Nsajigwa I Mwasokwa (Nsajigwa Nsa’sam) founded Jichojipya (meaning with new eye) to “Think Anew”. He is the Founder of Jicho Jipya/Think Anew Tanzania. We have talked before about freethought in Tanzania. Here we talk about Tanzania and non-religion.
My friend from Tanzania and fellow free mind, Nsajigwa I Mwasokwa (Nsajigwa Nsa’sam), took some time in September of 2017 to talk about the life of an atheist in a highly religious country.
A country religious in the raw numbers of those who identify as religious. A highly religious country in the level of religiosity or adherence to the tenets of faith. Often, the continent of Africa, due to colonization and other influences, as with Canada (where I reside), remains permeated in the symbolisms, the language, the holy texts, and figures of Abraham.
Abraham who birthed over half the world’s modern minds. The Abrahamic faiths of Judaism, Islam, and Christianity, especially Islam and Christianity, dominate our areas of the world and about half the world’s population if combined.
Not necessarily a more difficult time in life, but a different way in life because a slight or even great, but no doubt different, point of view. I asked about atheism in Tanzania. He said that there have been freethinkers in Tanzania, Canada, and in other periods and places around the world.
“Canadians should know that as it is for every human society throughout ages and generations that there have been within independent thinkers and freethinkers, so too there are such ones in Tanzania, though few, as it has hitherto been,” Nsajigwa said, “There are Tanzanians who think outside of the box of religiosity despite the fact that in Africa religion is overwhelmingly omnipresent and -potent, covering all aspects of life, from the birth point of entrance to death point of exit.”
He described the previous stereotypes about Africans as those who think more emotionally and that the “philosophy of Negritude” is that of the spiritual. He said that this would assert “rational is Greece as emotion is black.”
He points to this as too much of an exaggeration. He did, though, direct attention to the percentages in Africa.
He explained, “In terms of percentage, it is recorded that independent thinkers, individuals living without religion in Tanzania could be up to 1% of the population (the challenge is to make it rise to 10% as there might be enough such ones who however are in the closet).”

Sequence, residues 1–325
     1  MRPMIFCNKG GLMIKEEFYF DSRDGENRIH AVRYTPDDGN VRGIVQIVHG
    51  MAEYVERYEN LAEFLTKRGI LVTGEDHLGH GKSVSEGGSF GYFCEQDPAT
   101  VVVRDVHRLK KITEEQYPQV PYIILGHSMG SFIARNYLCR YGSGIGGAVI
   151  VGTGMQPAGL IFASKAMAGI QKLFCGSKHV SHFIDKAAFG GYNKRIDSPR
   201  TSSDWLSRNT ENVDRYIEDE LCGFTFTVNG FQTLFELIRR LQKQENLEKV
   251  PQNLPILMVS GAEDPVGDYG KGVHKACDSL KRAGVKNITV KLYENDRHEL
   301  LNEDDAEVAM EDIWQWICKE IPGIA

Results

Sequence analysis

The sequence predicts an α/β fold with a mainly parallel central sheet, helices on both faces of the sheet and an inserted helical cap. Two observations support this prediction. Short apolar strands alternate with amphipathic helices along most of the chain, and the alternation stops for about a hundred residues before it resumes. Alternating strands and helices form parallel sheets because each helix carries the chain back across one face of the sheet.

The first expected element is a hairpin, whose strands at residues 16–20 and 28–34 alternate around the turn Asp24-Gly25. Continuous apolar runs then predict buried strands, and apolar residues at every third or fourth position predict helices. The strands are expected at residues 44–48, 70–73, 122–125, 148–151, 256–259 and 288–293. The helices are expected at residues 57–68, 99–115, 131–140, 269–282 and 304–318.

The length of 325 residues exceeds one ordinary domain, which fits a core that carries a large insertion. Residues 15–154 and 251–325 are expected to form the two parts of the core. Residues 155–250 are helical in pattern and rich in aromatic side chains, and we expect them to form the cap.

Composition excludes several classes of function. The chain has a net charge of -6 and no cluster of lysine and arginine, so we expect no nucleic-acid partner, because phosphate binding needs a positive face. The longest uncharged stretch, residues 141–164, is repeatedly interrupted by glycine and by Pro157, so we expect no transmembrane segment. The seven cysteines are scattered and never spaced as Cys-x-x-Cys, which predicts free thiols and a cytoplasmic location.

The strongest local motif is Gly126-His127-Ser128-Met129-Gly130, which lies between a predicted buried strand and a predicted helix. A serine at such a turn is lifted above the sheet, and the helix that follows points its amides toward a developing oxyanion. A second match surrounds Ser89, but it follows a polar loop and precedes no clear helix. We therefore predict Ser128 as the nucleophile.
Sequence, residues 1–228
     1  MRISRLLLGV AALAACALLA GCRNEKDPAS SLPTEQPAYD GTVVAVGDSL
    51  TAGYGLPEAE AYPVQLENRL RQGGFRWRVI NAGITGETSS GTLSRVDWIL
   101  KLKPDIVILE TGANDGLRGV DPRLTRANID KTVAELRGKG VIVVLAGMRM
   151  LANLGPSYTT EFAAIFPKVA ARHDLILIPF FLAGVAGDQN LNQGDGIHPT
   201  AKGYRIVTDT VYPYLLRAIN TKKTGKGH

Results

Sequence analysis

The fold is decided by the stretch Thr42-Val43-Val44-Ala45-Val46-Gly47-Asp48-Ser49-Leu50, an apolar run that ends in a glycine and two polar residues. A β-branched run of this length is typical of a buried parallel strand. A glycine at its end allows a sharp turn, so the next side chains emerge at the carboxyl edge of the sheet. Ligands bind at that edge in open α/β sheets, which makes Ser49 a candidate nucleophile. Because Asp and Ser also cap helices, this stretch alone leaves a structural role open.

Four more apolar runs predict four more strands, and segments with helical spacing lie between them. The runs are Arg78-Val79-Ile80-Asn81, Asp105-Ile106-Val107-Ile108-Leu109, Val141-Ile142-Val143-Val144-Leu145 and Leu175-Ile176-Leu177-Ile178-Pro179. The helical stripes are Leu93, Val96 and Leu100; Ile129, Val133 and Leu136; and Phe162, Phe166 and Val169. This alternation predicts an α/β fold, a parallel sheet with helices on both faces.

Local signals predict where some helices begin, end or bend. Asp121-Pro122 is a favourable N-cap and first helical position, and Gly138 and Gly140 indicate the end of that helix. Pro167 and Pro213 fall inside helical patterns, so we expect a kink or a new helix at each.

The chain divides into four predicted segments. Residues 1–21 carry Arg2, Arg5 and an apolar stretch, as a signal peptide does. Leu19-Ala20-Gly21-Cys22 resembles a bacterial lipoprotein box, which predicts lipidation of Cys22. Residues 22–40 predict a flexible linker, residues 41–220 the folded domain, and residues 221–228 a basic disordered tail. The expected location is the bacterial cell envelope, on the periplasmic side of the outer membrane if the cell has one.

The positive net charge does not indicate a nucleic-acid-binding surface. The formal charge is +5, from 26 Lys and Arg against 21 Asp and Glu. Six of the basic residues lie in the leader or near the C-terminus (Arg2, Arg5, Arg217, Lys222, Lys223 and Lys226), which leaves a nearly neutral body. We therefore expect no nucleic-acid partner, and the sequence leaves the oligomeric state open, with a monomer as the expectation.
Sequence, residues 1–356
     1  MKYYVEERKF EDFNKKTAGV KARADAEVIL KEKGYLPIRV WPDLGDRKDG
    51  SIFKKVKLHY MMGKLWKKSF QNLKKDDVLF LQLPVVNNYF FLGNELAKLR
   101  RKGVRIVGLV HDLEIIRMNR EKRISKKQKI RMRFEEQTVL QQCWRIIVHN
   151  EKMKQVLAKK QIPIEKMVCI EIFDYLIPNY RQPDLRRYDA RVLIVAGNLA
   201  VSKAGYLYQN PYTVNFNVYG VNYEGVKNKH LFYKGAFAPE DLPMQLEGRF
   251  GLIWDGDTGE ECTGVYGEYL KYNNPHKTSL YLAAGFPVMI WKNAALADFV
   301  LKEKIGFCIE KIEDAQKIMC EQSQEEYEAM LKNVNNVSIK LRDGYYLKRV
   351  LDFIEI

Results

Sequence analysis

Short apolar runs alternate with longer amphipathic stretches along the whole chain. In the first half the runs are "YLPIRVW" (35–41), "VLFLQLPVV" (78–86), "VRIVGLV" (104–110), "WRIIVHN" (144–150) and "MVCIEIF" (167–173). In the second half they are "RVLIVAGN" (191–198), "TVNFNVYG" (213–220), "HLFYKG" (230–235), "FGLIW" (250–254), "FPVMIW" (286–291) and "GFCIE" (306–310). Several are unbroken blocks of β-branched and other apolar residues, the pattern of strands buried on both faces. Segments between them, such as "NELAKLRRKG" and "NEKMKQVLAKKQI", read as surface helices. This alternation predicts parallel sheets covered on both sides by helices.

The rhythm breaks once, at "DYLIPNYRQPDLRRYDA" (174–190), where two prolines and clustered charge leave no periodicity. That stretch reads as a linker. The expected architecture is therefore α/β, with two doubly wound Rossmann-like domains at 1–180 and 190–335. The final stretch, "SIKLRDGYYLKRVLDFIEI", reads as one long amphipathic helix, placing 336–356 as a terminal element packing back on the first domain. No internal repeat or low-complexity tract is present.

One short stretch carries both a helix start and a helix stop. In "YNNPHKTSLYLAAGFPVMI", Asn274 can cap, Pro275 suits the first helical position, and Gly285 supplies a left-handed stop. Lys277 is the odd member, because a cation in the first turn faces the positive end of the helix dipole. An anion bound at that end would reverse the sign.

As our conversation continued onward, I wanted to know about the thoughts about atheism as a viewpoint from the broader population of Tanzania. He stated that this was viewed as part of socialism of a communist variety such as that found in the USSR and “thus ideological.”
However, he opined, “Tanzanians who are fundamentalist in their religious outlook, they view it negatively, as an arrogant rebellion against God’s will by the few people educated (to become confused) by too much secular book reading. Further extremes view it as for those who are “lost” and on Satan’s side (Satan being the opposite of good God).”
I wanted to know about the commonality of atheism there. He said, “As a movement it is coming up, emerging as is the reality of it all over Africa. Some individual independent thinkers to freethinkers exist.”
Nsajigwa continued that it was only since the new millennium that pioneering efforts have been done to teach philosophy in order to identify and bring atheists and the non-religious together.
Before the internet, as far as he knows and as far as I know, Nsajigwa has been the primary person, akin to Dr. Leo Igwe in Nigeria for humanism, for the advancement of not precisely atheism but more freethinking. He has been doing this, impressively, prior to the internet since the 1990s.
Nsajigwa concluded, “We are developing a fellowship to be a community in the future via Jichojipya – Think Anew as a formal organization and vehicle for that, we founded it to live to achieve common goals of institutionalizing Humanism ideas and ideals guided by Humanist’s Amsterdam Declaration 2002 of which I translated into Swahili that being first time that it was in an African language.Its Humanistic aspects happen to be similar to some aspects of Tanzanian own Arusha declaration doctrine of 1967.”
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